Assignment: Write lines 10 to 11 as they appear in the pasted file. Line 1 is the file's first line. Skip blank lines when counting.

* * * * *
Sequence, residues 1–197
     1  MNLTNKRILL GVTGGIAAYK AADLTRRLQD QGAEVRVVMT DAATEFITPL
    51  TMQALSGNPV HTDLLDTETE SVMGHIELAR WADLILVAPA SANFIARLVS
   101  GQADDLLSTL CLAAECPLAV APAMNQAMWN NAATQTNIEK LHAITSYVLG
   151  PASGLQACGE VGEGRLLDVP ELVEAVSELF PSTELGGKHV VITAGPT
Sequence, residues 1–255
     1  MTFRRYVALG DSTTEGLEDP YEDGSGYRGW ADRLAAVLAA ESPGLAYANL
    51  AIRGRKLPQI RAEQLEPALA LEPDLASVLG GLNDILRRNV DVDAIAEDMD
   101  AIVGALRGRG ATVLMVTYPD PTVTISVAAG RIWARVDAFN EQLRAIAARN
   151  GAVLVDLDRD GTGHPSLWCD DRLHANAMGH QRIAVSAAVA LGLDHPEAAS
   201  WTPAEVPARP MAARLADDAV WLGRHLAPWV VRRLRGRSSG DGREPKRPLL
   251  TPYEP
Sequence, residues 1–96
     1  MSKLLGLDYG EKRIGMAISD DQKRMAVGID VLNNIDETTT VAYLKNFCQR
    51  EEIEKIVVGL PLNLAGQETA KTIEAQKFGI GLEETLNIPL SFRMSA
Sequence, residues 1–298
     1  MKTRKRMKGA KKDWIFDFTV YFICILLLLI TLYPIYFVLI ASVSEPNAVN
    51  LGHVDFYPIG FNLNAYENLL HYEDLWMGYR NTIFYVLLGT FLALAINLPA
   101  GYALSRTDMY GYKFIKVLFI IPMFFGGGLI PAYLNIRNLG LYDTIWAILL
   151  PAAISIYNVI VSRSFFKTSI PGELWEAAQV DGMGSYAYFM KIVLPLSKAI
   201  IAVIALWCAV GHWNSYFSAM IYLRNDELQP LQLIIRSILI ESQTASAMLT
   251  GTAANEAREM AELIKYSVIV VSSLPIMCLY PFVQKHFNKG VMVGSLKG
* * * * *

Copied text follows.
   151  GAVLVDLDRD GTGHPSLWCD DRLHANAMGH QRIAVSAAVA LGLDHPEAAS
   201  WTPAEVPARP MAARLADDAV WLGRHLAPWV VRRLRGRSSG DGREPKRPLL